The sun and I are not on good terms.
We’ve got an uneasy sort of détente. It stays out of my realm, and I stay out of it’s. For the most part this works for the both of us. I only need to go outside when travel to work or the game store. But then, all I need do is scurry through the sun’s realm from my front door, to the car door. And since I live in the pacific northwest (the Seattle area) the sun often doesn’t even show up to harass me during that jaunt. Clouds and rain do, but I get along with them just fine.
Then I let a woman with plans to become an ecological scientist move in with me. This was a bad idea. Every so often she drags me, clawing at the carpet, into the natural world. I try to explain to her that the Sun will view this as a breach of our unofficial treaty, but she seems to think that I’m just being melodramatic. Somehow she doesn’t view the sun bombarding me with potentially lethal radiation as proof enough of its malice.
One minor benefit of these harrowing excursions is the inspiration I’m able to draw from them for my games. As I’ve mentioned many times before, reality is filled with amazing facts, many of which can be used as inspiration for gaming. Today I encountered a number of different natural environments at the two nature reserves we visited. And there, I discovered three things which I thought might be fascinating to use in a game.
At the first location we visited, we saw this large space filled with nothing but mud and death. Apparently this area is, naturally, an estuary. Simply speaking, an estuary is a meeting of fresh water and salt water, where rivers reach the sea. When early settlers moved into the pacific northwest, they blocked off the salt water, and used the land around the estuary to create an orchard. The land has since become a nature reserve, though, and the dike blocking the salt water was recently removed. As it flowed back into the landscape, it killed off all of the fresh water plantlife, resulting in this deathlike landscape. In a few years, salt-tolerant plant life will reassert itself. Until then, however, tell me this doesn’t look like a perfect environment for undead to live in? There’s nothing visibly alive out there. Just dead plants, murky water…and mud-caked undead ready to attack foolish adventurers?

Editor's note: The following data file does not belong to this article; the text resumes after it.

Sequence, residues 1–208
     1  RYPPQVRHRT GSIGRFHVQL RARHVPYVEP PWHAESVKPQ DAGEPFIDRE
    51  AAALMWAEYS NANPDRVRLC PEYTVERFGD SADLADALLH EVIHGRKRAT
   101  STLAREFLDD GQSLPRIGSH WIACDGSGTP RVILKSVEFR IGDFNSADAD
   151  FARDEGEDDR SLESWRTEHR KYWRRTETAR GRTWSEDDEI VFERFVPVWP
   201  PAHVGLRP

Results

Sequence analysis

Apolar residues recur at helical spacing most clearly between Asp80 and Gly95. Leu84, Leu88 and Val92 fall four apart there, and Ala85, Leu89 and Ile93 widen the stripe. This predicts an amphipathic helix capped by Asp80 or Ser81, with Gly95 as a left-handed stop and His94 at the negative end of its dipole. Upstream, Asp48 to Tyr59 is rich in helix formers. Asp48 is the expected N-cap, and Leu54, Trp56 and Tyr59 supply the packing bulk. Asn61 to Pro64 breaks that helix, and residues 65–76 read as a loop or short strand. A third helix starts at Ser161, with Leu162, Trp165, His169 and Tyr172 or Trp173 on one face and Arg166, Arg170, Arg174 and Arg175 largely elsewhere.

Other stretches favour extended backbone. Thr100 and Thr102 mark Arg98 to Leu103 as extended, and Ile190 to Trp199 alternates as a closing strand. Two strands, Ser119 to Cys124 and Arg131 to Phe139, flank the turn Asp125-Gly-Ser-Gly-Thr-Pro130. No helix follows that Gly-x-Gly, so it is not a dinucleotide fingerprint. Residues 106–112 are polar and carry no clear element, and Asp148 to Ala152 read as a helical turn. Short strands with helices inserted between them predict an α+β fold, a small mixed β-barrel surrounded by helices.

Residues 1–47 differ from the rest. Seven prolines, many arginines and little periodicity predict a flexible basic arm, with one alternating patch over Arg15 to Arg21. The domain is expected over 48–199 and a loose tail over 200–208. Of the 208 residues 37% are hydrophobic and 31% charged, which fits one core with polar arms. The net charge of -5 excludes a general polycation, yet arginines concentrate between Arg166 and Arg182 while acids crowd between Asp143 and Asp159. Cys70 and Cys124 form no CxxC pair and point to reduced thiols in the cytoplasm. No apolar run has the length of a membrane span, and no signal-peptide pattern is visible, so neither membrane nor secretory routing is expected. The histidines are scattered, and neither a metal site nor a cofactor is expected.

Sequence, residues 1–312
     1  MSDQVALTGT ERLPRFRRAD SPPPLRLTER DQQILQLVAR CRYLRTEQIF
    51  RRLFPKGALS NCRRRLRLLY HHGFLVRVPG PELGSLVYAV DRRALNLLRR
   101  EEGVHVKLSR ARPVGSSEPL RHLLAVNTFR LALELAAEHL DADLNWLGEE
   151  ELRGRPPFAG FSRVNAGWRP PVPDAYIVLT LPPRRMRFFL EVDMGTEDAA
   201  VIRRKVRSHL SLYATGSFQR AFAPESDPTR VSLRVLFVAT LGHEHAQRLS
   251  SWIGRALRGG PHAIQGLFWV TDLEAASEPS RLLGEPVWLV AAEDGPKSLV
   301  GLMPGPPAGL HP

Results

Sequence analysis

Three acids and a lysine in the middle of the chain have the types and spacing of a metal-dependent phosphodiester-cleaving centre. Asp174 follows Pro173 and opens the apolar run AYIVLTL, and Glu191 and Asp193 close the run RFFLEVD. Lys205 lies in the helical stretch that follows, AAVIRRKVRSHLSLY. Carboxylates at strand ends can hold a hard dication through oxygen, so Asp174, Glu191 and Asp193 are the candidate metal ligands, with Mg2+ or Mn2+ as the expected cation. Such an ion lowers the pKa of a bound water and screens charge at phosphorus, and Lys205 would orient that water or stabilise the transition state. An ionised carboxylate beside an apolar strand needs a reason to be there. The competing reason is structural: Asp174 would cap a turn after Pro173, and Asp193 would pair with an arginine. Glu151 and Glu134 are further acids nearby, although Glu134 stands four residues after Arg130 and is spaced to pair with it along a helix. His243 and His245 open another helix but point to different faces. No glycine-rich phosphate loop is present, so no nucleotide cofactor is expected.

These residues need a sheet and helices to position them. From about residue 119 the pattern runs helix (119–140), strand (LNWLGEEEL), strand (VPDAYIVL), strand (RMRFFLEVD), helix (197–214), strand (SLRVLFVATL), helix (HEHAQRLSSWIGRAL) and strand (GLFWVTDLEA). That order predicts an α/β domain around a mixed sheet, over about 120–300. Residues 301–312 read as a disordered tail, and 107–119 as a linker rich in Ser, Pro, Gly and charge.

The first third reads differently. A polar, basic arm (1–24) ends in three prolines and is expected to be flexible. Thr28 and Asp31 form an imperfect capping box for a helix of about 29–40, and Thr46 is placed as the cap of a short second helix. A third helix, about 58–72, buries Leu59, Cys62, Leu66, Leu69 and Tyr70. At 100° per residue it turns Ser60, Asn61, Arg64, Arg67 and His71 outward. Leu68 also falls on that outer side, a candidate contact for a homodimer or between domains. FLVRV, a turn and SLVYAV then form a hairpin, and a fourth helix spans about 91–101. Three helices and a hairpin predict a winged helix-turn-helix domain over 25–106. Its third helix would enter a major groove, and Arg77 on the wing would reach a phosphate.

As a game master, you really don’t need an excuse to create an environment, since most of your players probably won’t be too picky about how a given environment came about. But if you strive for accuracy, just put an abandoned settlement and a dike that crumbled from age.
It was as we were looking at this creepy landscape that my ladyfriend also took the opportunity to tell me about Bog Bodies, which you should totally check out if you’re a fan of undead stuff like I am.
The second location we visited is apparently somewhat unique to our area, and somewhat mysterious as well! Scientists are not entirely sure what causes the formation of Mima Mounds, which are sort of like tiny hillocks. The tallest are a little taller than an average person (about 7 feet), and they apparently occur primarily in areas of plains/prairie. What I found most fascinating about them, from a tactical perspective, is that they are almost invisible. Since the entire area is a field of grass and small plants, it can be extremely difficult to identify the mounds. In the picture above, they are only clearly apparent because that photograph includes the treeline for them to intersect. Check out this photo where the mounds don’t block your view of the trees. I promise, there are a bunch of mounds in this shot:
This would be an absolutely perfect place for an ambush. Particularly for small creatures like halflings, gnomes, kobolds, or goblins. Four or five of them could hide behind each mound. The small field I visited today could cloak several hundred warriors, all able to appear instantly to charge across the flat ground between the mounds.
Wikipedia has a panoramic image of the field I visited today. It’s almost 12mb so it takes a moment to download, but it’s a pretty impressive view.
Finally, there was this crazy moss. Neither of us was even able to identify it, so I can’t share any solid information on it. It was growing absolutely everywhere on the Mima Mounds, in huge patches as large as 7-8 feet across. It was so prolific we assumed it probably was not actually dead, yet it sure as hell didn’t seem alive. It was completely dry and brittle, crunching under our feet as easily as snow would. And a lot louder than snow would as well. It would be impossible to sneak up on anyone through moss like this.
On a final note, as we were leaving to head home, we met Spiderbro. He was a bro.